The answer, in my opinion, is yes, if investors accept some volatility as the company battles its way to profitability over the next few years. During the first quarter, revenue jumped 46% and its free cash flow loss narrowed by 31%. Despite those two positive moves, its adjusted per-share loss expanded by 90%. The widening loss was due to building out its international sales operations in the U.K. and Germany.

Despite the widening losses, there was one highlight with its consumer metrics. Active consumers jumped 33%, total orders delivered jumped 40%, and orders from repeat customers jumped 49%. The higher percentage increase in orders placed by repeat customers is huge, and it suggests the company is delivering a quality product on time and persuading consumers to come back without even a loyalty program. Furthermore, advertising expenses grew only 37%, compared with its 46% jump in revenue, suggesting if it keeps returning customers coming at a higher rate, it could spend even less on advertising and still generate strong growth. 

Wayfair is up 50% year to date, and that makes some investors hesitate to buy, but the e-commerce retailer's story is far from over. Its profitability will struggle in the near term as it expands internationally, but it's bringing back consumers at a higher clip, improving its cash flow, and rapidly growing its top line -- and for those reasons it still looks like a buy.

Up the mountain

Travis Hoium (Vail Resorts, Inc.): The ski and snowboard business has been struggling with lower volumes the past few years, but you wouldn't know it by the performance of Vail Resorts. The stock is up 34% year to date and 160% over the past three years. A lot of the performance success has been a result of the acquisition of Whistler Blackcomb late in 2016. A bigger asset base allowed the company to provide more value for Epic Pass members and diversify risk in the portfolio.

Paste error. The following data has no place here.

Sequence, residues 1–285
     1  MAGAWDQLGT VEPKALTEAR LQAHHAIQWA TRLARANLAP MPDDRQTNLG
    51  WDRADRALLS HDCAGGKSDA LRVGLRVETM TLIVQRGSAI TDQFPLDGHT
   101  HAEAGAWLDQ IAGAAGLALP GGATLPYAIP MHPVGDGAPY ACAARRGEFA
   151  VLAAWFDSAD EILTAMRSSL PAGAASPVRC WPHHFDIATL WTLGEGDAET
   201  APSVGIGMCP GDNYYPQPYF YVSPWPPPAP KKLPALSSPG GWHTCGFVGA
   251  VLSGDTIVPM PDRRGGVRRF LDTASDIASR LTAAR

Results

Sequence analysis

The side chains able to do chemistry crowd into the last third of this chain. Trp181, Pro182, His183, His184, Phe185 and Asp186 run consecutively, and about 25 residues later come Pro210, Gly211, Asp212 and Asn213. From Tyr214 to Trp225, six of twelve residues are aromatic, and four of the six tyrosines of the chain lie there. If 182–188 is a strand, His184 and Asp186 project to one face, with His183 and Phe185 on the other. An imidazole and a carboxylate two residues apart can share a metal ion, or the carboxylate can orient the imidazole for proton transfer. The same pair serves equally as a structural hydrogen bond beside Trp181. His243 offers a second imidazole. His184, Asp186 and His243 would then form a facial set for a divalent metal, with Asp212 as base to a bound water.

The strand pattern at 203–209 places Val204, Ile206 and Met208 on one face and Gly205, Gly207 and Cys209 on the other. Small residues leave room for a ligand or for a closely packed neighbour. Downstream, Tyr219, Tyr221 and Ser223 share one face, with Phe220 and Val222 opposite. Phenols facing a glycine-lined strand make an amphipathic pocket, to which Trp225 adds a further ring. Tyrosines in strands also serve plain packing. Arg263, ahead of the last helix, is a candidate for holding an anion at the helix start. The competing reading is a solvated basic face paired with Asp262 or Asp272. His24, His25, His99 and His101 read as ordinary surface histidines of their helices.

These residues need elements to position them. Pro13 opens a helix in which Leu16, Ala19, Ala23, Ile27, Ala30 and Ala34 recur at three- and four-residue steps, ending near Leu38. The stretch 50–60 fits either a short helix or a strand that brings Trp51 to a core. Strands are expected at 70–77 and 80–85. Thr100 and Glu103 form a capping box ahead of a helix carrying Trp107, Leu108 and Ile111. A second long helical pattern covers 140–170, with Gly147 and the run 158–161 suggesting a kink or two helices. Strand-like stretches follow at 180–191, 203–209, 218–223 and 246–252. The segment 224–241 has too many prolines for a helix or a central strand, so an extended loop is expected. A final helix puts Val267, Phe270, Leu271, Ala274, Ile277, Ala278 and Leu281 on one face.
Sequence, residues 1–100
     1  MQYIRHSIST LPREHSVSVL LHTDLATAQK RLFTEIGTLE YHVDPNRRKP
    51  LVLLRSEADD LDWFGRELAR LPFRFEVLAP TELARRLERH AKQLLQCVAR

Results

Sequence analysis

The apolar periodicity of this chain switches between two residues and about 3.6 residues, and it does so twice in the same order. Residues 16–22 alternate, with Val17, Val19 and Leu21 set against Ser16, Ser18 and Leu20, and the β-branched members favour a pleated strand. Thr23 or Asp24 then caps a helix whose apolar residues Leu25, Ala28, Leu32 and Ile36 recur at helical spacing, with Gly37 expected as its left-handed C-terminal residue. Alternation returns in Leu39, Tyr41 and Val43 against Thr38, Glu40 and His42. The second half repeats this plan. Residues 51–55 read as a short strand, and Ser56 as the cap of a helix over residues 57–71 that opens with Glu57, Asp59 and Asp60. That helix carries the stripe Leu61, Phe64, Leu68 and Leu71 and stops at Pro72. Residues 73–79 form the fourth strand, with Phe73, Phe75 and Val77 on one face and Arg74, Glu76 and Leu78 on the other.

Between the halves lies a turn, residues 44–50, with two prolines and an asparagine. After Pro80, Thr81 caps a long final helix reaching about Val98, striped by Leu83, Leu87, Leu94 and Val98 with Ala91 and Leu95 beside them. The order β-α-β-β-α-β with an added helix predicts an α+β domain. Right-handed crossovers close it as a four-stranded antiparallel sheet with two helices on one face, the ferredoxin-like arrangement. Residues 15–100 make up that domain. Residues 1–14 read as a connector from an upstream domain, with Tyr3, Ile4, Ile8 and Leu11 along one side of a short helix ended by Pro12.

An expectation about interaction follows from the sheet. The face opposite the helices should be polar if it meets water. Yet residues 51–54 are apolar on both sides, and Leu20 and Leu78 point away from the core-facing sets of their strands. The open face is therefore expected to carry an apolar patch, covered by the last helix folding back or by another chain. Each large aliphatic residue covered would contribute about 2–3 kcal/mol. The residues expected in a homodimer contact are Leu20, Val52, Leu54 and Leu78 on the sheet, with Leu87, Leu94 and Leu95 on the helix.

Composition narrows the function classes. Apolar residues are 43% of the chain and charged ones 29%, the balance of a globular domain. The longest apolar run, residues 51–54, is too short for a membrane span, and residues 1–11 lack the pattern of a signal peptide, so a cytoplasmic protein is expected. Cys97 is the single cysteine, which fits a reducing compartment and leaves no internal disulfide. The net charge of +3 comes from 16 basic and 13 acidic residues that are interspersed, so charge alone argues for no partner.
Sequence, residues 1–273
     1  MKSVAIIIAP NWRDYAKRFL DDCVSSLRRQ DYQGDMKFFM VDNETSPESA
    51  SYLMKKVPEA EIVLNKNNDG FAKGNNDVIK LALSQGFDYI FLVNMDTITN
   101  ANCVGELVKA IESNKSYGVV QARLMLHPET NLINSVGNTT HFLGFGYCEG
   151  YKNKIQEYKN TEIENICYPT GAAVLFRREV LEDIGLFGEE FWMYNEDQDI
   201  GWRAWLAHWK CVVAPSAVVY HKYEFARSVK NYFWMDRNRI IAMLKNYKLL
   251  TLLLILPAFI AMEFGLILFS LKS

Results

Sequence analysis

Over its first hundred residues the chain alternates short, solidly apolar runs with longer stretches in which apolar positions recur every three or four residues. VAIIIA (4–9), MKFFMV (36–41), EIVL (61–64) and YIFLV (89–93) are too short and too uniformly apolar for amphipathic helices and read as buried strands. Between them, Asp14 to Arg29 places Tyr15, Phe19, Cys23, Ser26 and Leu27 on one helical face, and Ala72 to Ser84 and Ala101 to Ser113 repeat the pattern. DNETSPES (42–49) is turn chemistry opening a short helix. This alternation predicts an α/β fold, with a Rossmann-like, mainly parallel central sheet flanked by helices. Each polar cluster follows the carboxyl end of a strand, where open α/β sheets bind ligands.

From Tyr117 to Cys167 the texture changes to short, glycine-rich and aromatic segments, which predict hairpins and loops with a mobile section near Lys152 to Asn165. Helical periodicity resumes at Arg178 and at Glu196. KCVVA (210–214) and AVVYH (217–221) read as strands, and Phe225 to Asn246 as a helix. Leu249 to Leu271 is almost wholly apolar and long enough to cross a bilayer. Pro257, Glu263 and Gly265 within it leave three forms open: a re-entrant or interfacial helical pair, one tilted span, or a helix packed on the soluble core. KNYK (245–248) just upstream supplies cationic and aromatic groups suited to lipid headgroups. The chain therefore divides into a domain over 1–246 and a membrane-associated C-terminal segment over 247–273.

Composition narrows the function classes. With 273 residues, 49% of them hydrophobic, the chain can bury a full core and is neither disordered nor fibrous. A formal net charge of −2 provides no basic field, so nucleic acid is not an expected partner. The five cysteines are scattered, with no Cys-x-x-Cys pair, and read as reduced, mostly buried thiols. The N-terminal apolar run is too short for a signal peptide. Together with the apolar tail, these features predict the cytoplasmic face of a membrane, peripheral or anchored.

Having a broader set of resorts and an EPIC Pass that has more value to consumers paid dividends in 2018. Colorado and Western Canada both had a fairly weak snow season, but revenue in the first nine months of fiscal 2018 was up 6% to $1.80 billion, and net income was up 73.2% to $463.6 million. That's outstanding performance in a bad weather year. 

Vail's shares aren't cheap, at 31 times 2018's net income guidance of $360 million to $381 million, but the company has a lot of growth options ahead. It continues to buy properties that will increase the value of the Epic Pass and reduce weather-related risk. Places like Vail and Whistler are also becoming great summer attractions, something the company can transition to if winters continue to get shorter.

I like where Vail is positioned in the vacation and entertainment market, and that's why I think the stock is still a buy after a great start to 2018. 

Daniel Miller has no position in any of the stocks mentioned. Jason Hall owns shares of Chart Industries. Travis Hoium has no position in any of the stocks mentioned. The Motley Fool owns shares of and recommends Chart Industries and Wayfair. The Motley Fool recommends Vail Resorts. The Motley Fool has a disclosure policy.